Lateral wall of the nose

Nasal obstruction

Nasal endoscopy

Fig. 1: Radiofrequency energy is sent below the superficial layer of the turbinate.

Fig. 2: The treated tissue is heated to a temperature of 70-75ºC to create a coagulation area.

Fig. 3: During the following three to six weeks, the treated tissue will shrink.

What are the causes of nasal obstruction?

In children, the most common cause is an enlargement of the adenoids or vegetations, which is often associated with an enlargement of the tonsils. (see sections "El niño roncador" and "Laser treatment").

In adults, there are two causes, which are often linked:

  • Excessive enlargement of the inferior nasal turbinates.
  • Displacement of the nasal septum, i.e. the wall that separates the two nostrils or sides of the nose.

Other causes may include hay fever, sinusitis and nasal polyps.

How is it diagnosed?

We determine the cause of nasal obstruction by means of nasal endoscopy, which is performed at our own surgery without causing any major discomfort. Based on this, we determine the most appropriate treatment. This technique allows us to visualise all structures of the nose and throat: mouth, pharynx and larynx. In addition, the images can be displayed on a screen in order to explain them to the patient and their chaperones.

How is it treated?

The treatment depends on the cause:

In the case of hypertrophy of the turbinates, we recommend reducing the size of the turbinates. This can be done by means of two different techniques:

  • If the enlargement is moderate, we can reduce the size of the turbinates by means of radiofrequency treatment, a technique which is applied at our own surgery under a local anaesthetic. (Fig. 1, 2, and 3)
  • If the enlargement of the turbinates is severe, their reduction by means of a CO2 laser is recommended. This technique is usually applied under a general anaesthetic. In contrast to other techniques, with which the turbinates can begin to grow again after a couple of years, the result is usually permanent. (Fig. 4 and 5)

In cases where the nasal septum is displaced, we correct the displacement in an intervention called septoplasty. This allows us to place it in a straight position and to achieve a flow of air on both sides of the nose.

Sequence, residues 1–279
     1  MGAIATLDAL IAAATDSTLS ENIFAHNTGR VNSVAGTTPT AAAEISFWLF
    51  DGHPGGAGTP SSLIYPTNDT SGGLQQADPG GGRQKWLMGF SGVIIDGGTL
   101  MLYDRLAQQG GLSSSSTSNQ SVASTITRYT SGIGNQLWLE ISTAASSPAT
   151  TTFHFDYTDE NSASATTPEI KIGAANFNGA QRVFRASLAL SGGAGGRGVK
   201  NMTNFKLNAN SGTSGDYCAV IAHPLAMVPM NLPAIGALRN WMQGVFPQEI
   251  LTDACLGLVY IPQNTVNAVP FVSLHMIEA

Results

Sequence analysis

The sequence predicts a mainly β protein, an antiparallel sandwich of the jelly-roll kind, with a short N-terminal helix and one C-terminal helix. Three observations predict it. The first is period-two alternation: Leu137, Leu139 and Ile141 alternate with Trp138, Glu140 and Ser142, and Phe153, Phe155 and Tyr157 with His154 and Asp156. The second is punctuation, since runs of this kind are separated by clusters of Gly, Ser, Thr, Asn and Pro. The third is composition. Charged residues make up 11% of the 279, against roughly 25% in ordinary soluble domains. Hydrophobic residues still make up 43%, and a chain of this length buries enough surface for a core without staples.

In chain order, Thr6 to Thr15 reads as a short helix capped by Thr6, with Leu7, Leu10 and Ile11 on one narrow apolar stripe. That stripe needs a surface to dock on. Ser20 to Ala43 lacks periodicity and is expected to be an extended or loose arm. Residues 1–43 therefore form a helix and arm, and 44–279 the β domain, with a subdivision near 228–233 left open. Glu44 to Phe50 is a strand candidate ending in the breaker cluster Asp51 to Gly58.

If sinusitis is present, either because of a displaced septum or due to hypertrophy of the turbinates, we correct it by means of nasal endoscopic surgery. This allows us to perform the operation without leaving any external scars. The use of microscopic instruments allows us to prevent complications and to cause minimal or zero postoperative discomfort.

In the case of nasal polyps, we eliminate them by using endoscopic techniques. This allows us to avoid haemorrhage and postoperative complications and leaves no scars. The polyps are extracted by means of a microdebrider, a device which causes no lesions to healthy tissue.

Clinical case

Endoscopy allows us to gain access to the nose and obtain a perfect view of the inside of the nose.

Left: Image of inferior nasal turbinates before the intervention (note the completely obstructed passage). Right: Image after the intervention showing no obstruction and increased space for breathing

Fig. 4: Preoperative image                                   Fig. 5: Postoperative image

The image on the left clearly shows a significantly enlarged turbinate which leaves practically no space for breathing and causes obstruction. After the operation, there is plenty of space for breathing. This reduction is permanent as the turbinates will never grow back.

  • There are many techniques for reducing the size of the turbinates, including radiofrequency treatment. In a case like this, however, in which the turbinates are significantly enlarged, the ideal treatment method for reducing the turbinates is using a laser.
  • Let us now take a look at the image on the right (after the operation). There is plenty of space for breathing and, of course, the reduction is for life. These turbinates will never grow back.